storing state information in a memory based on the LSP path information collected, the state information including information for identifying an LSP and information on a current path of the LSP; and
reading the state information for a selected LSP from the memory to graphically display how a path of the selected LSP is formed on a corresponding network topology, in accordance with a user's instruction.
14. The method of claim 13, wherein
more than one LSPs with different paths are set up from an ingress router to an egress router in the network;
the LSP path information includes information indicating a correspondence between one of said more than one LSPs and another of said more than one LSPs; and
the state information for said one of said more than one LSPs is read for a graphical display in accordance with the user's instruction, when said another of said more than one LSPs is designated.
15. The method of claim 13, wherein
a detour LSP from one router to another router is set up in the network, said one router and said another router being on a path of a main LSP;
the LSP path information includes information indicating a correspondence between the detour LSP and the main LSP, the main LSP being able to use the detour LSP; and
the state information for one of the main LSP and the detour LSP is read for a graphical display in accordance with the user's instruction, when another of the main LSP and the detour LSP is designated.
16. The method of claim 13, wherein
a lower-level LSP from an ingress router to an egress router is set up using a higher-level LSP in the network, the higher-level LSP being established between routers on a path of the lower-level LSP;
the LSP path information includes information for specifying the higher-level LSP used by the lower-level LSP; and
the state information for one of the higher-level LSP and the lower-level LSP is read for a graphical display in accordance with the user's instruction, when another of the higher-level LSP and the lower-level LSP is designated.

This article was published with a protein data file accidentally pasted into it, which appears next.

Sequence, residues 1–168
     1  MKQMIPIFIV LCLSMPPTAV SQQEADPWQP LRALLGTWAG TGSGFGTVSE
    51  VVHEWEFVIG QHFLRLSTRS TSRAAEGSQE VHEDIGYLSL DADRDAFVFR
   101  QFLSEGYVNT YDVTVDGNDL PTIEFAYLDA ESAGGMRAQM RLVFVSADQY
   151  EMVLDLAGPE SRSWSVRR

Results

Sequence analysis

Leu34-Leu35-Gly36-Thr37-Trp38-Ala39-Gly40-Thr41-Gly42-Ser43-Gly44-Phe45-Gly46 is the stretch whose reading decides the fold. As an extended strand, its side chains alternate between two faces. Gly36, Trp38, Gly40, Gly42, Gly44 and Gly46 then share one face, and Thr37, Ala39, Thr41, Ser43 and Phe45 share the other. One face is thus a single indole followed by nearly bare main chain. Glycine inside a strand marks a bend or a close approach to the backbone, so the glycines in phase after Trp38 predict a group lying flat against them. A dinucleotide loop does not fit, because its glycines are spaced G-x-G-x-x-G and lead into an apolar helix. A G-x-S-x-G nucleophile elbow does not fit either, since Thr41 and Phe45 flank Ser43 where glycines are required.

17. The method of claim 13, wherein
the LSP path information for an LSP is collected from an ingress router of the LSP,
the method further comprising:
collecting another LSP path information for the LSP, from each router on a path of the LSP; and
determining information on a current path of the LSP to be stored, by correcting the LSP path information based on said another LSP path information.
18. A system for monitoring a network in which a label switched path (LSP) is set up, comprising:
a plurality of routers included in the network; and
a monitoring apparatus configured to communicate with the plurality of routers,
wherein
each of the plurality of routers includes:
a storing unit that stores LSP path information including information to be referred to for forwarding a packet using an LSP and other information exchanged via a message for setting up or maintaining the LSP; and
a transmitting unit that transmits information stored by the storing unit to the monitoring apparatus,
and
the monitoring apparatus includes:
a receiving unit that receives information transmitted by said each of the plurality of routers independently of packet forwarding that uses the LSP;
a storing unit that stores state information based on the information received by the receiving unit, the state information including information for identifying an LSP and information on a current path of the LSP; and
a display unit that reads the state information for a selected LSP stored by the storing unit and graphically displays how a path of the selected LSP is formed on a corresponding network topology, in accordance with a user's instruction.
19. The system according to claim 18, wherein
the transmitting unit of said each of the plurality of routers transmits a notification including updated information, responsive to a change in the LSP path information stored by the storing unit of said each of the plurality of routers.